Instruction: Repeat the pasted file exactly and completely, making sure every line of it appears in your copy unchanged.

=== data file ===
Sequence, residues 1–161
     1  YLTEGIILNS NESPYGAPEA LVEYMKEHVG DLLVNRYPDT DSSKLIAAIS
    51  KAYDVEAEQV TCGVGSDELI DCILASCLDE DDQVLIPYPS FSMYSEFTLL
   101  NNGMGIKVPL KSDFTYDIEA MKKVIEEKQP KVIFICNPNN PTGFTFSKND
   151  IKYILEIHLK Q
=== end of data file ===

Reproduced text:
Sequence, residues 1–161
     1  YLTEGIILNS NESPYGAPEA LVEYMKEHVG DLLVNRYPDT DSSKLIAAIS
    51  KAYDVEAEQV TCGVGSDELI DCILASCLDE DDQVLIPYPS FSMYSEFTLL
   101  NNGMGIKVPL KSDFTYDIEA MKKVIEEKQP KVIFICNPNN PTGFTFSKND
   151  IKYILEIHLK Q